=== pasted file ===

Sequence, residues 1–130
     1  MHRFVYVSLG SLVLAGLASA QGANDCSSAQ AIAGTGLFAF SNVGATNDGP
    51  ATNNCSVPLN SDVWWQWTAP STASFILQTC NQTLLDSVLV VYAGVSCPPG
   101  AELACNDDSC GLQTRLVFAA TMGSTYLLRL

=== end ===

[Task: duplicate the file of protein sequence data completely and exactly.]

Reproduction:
Sequence, residues 1–130
     1  MHRFVYVSLG SLVLAGLASA QGANDCSSAQ AIAGTGLFAF SNVGATNDGP
    51  ATNNCSVPLN SDVWWQWTAP STASFILQTC NQTLLDSVLV VYAGVSCPPG
   101  AELACNDDSC GLQTRLVFAA TMGSTYLLRL